Commissioners give go-ahead for courthouse restoration

The movement toward reopening the vintage courthouse in downtown Cassopolis took a major step forward Thursday, as the Cass County Board of Commissioners voted to begin the process of allocating funds to stabilize the building.

The board approved the resolution with a roll call vote during its meeting last week, passing with a vote of 5 to 1. Commissioner Dixie Ann File was absence during the evening’s proceedings.

The resolution permits County Administrator Roger Fraser to begin searching for possible funding sources to cover the estimated $275,000 needed to remove mold and address other critical structural issues inside the courthouse. Such work is necessary before any preliminary restoration work can begin, county officials said.

The board has discussed the possibility of reopening the courthouse, which has been closed since 2003, for several months. The possibility of demolition has also been discussed in the past. The county estimates a $1.5 price tag for such work.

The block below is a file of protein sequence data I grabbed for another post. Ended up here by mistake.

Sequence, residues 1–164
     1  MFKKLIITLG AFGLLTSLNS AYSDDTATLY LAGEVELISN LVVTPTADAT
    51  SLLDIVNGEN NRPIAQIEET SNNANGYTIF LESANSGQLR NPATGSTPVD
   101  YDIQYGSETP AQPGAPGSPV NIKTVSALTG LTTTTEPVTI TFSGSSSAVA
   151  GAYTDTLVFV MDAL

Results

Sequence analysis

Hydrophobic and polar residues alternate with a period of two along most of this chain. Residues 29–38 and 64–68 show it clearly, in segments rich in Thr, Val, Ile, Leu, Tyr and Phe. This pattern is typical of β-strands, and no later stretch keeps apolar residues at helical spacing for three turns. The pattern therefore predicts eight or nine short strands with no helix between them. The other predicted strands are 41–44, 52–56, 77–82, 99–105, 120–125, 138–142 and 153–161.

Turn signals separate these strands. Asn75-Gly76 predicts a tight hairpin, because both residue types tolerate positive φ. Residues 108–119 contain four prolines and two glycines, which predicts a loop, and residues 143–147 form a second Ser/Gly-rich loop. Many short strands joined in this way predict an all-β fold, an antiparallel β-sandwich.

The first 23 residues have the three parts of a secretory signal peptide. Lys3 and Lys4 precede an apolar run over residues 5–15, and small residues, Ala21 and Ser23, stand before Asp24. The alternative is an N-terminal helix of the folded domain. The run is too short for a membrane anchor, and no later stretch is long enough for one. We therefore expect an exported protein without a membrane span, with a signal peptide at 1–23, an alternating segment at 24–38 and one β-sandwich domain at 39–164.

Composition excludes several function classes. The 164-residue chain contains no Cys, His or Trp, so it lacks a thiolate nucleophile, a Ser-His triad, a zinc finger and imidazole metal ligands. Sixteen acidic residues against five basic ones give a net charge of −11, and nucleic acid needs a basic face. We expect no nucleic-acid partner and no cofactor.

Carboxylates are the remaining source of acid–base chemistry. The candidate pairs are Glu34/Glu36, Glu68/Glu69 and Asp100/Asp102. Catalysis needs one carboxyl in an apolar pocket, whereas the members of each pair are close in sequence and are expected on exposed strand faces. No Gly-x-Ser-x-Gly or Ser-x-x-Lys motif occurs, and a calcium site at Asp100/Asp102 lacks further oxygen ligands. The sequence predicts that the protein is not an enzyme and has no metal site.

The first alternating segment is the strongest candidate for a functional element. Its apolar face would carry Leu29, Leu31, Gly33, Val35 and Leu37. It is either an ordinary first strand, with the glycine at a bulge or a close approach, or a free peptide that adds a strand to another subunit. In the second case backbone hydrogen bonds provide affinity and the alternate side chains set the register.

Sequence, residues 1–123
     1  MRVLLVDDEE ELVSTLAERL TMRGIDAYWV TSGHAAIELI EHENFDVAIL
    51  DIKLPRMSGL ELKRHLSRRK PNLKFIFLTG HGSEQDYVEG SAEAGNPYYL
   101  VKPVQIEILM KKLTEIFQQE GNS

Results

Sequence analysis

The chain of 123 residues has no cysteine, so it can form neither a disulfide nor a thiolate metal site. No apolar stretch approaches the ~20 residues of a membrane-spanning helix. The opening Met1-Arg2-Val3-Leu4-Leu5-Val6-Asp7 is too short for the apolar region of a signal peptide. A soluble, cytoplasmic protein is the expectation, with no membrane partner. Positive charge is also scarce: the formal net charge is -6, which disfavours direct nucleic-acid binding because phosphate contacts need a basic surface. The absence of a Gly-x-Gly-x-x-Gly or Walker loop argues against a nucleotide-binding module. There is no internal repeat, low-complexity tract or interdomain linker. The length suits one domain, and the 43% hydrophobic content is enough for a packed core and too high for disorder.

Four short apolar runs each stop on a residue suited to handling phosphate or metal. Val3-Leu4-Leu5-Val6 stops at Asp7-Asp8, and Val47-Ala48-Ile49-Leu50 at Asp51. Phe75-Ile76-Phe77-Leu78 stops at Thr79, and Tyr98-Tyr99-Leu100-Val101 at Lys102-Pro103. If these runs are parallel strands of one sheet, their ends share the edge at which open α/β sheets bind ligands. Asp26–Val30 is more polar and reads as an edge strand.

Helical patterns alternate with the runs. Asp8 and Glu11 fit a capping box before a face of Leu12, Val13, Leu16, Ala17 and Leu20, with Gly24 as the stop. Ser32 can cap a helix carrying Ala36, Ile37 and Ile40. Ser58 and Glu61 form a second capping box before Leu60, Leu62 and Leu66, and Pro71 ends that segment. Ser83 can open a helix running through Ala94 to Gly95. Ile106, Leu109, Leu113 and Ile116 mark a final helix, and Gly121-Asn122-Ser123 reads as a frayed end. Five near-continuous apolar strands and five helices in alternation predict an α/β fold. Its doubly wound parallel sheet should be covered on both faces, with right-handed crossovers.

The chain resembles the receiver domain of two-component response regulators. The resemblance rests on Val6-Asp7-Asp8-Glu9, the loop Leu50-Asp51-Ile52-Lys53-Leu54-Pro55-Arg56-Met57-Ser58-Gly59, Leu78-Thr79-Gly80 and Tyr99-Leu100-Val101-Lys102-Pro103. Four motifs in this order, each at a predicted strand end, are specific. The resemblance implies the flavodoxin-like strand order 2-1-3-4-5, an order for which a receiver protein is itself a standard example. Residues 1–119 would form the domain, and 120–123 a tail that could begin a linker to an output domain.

“I think we’re at the point of no return,” said Commissioner Clark Cobb, prior to the vote. “We’re either going to pay now or pay later, and paying later means the mold will become a bigger problem and there won’t be an option for saving it.”

Skip Dyes was the only commissioner present who voted against the resolution. He said his decision was based on a lack of clear direction laid out in the resolution for restoration plans.

“I hear from my constituents, ‘how can we move forward with this if we don’t know what we’re going to do with [the building]?’” Dyes said.

Dyes said he was concerned about attempts to garner popular support for the project without having an endgame already in place.

“I want that courthouse to stand,” Dyes said. “It would be a home run for this county. But it won’t be right unless we do it the right way.”

Commissioner Bernie Williamson said that despite the disagreement over the details, the board is onboard with the decision to proceed with renovation over demolition.

“There is a consistent commitment to the courthouse,” Williamson said. “The debate seems to be over the process that we follow. Everyone is simply trying to do the right thing, and they appreciate the historic courthouse and what it brings the county.”

 

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